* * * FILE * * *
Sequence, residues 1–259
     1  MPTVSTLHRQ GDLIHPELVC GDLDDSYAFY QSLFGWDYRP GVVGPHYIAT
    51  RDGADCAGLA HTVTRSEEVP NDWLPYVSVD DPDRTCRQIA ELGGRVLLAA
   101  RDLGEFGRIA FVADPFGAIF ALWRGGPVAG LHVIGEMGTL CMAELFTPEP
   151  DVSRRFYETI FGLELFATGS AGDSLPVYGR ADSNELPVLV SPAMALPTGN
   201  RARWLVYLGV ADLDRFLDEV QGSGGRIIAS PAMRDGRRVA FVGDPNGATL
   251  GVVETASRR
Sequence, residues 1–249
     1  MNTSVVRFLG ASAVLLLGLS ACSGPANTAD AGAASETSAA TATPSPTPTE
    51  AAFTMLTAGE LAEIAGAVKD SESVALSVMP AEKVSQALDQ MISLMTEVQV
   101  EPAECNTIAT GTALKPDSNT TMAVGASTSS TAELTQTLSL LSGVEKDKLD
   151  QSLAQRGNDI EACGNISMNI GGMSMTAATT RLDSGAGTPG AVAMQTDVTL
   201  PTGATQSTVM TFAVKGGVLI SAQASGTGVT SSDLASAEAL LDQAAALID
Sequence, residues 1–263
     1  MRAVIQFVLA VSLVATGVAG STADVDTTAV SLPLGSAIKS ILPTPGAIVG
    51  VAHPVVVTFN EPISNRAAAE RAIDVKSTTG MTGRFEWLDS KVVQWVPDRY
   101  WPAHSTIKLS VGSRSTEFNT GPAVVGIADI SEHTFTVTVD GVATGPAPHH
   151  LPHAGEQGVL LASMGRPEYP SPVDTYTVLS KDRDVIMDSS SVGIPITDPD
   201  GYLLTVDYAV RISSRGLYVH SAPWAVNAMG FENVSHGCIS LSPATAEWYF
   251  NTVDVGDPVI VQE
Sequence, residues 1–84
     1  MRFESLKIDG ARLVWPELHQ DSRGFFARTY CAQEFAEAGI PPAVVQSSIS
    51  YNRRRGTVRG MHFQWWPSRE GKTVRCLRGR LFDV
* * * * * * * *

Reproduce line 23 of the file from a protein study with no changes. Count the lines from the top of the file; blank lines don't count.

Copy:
    51  YNRRRGTVRG MHFQWWPSRE GKTVRCLRGR LFDV